Better Days truly is one hell of a thing. From what seem to be social realist beginnings, Derek Tsang’s fourth film shifts effortlessly into a genuinely touching melodrama and then again into a violent thriller. It is an impressive feat to do each style of narrative so well; even more so to blend them in such a seamless manner. The end result, while flawed in places, stands up as one of 2019’s best Asian features.
Chen Nian (Zhou Dongyu) studies at a cram school in the lead-up to her college entry exams. A classmate, cracking under the pressure and suffering from non-stop bullying, jumps to her death from a school balcony. After drawing attention to herself by stepping forward and covering the dead girl with her jacket, Nian becomes a fresh target for the unrepentant bullies.
The film begins, via introductory captions, with a focus on the phenomenon of school bullying. Underneath this veneer, which spirals considerably out of control and into quite upsetting territory, there is also a surprisingly blunt criticism of China’s notorious ‘gaokao’ test. The gaokao, a college entry exam undertaken by more than nine million teenagers a year, is regarded as one of the most pressurized and academically taxing examinations in the world. Suicides such as those committed by Nian’s classmate Hu Xiaode (Zhang Yifan) are a real-world phenomenon. There is a sense that such criticism is deliberately obfuscated by the cover of bullying; certainly upon completion Better Days struggled to be released due to government censorship and forced delays. I honestly wonder if the treatment of the gaokao is one reason why.
Circumstance brings Nian to meeting Bei (Jackson Yee), a low-level gang member squatting in a tiny derelict apartment beneath a bridge. In all fairness he is hardly the world’s most talented criminal, but he is dedicated and can certainly take a physical beating. Bei offers to protect Nian as she walks home from school, and a friendship soon develops. It is at this stage that the apparent social issue-dominated tone of the film slips away, and a much more traditional – and enormously effective – romantic melodrama ensues. The bullying, however, gets worse. The police become involved, events take a particularly upsetting turn, and melodrama shifts into a much bleaker and more unrelenting gear.
The film’s middle act works to a very large degree due to the performances of Zhou and Lee. Time is taken both to properly flesh the characters out, and to believably bring them together without feeling superficial. Zhou in particular is phenomenal, and absolutely sells Nian’s inner torment and growing paranoia. Elsewhere in the cast, Yin Fang successfully sells an upbeat, idealist police detective named Zheng while Huang Jue, excellent in Long Day’s Journey into Night (2018), is rock-solid here as he balances that optimism as Zheng’s grizzled, more cynical partner.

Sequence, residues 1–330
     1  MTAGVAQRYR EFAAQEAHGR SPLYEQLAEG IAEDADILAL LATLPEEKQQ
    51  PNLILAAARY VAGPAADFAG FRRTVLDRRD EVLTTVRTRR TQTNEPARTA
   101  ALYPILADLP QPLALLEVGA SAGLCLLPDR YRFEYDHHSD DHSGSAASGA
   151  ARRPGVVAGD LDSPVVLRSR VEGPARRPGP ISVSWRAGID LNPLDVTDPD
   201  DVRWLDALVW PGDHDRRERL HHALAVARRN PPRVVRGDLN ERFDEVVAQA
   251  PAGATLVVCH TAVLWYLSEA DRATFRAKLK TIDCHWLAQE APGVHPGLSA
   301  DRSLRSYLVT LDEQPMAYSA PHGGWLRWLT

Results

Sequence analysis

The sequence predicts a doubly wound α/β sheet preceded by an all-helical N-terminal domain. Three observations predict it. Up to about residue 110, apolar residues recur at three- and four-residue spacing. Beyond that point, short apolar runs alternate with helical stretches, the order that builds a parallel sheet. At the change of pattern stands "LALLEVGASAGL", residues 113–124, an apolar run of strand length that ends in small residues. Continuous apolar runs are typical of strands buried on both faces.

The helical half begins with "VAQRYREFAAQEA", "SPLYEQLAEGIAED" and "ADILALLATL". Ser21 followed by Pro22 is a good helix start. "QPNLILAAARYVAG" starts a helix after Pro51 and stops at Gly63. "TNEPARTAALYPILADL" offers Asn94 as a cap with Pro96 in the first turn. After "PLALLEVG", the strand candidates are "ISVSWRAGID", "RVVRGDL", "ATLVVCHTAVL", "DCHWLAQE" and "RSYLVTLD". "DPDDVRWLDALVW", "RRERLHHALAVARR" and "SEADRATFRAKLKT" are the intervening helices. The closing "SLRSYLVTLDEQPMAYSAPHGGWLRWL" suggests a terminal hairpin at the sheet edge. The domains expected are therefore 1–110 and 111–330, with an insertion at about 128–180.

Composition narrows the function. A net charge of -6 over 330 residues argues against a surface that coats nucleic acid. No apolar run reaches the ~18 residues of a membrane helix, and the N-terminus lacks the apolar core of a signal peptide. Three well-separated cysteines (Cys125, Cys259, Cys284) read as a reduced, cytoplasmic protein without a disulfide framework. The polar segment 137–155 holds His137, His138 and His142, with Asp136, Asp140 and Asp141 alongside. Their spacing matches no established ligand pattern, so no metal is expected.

Everything is given a strong sense of place, with cinematographer Yu Jing-pin sculpting a busy city landscape of alleyways and stairs into a foreboding and uneasy labyrinth of light and shadow. Varqa Buehrer’s musical score is largely unobtrusive, keeping things relatively subtle and atmospheric with a few well-chosen and executed exceptions. It creates an unexpectedly threatening environment: reflecting the film’s location as a China of cruelty, petty crime, contraband goods, street gangs, and unethical police.
Despite its general excellence, Better Days does unfortunately wear out its welcome. The film’s climactic act drags to mystifying extremes, and passes several tonally perfect potential endings before reaching a conclusion. Even then it keeps on going, with an unnecessary epilogue dropped shortly into the closing titles. That in mind, there is still so much to recommend here: strong performances, dialogue, and technical work, and a willingness to stand up and actually say something worth hearing to the audience. This is an exceptional piece of work.
Grant Watson is an independent film critic based in Melbourne, Australia. He is a two-time winner of the William Atheling Jr Award for Australian science fiction criticism and review. You can find his other reviews at FictionMachine and FilmInk.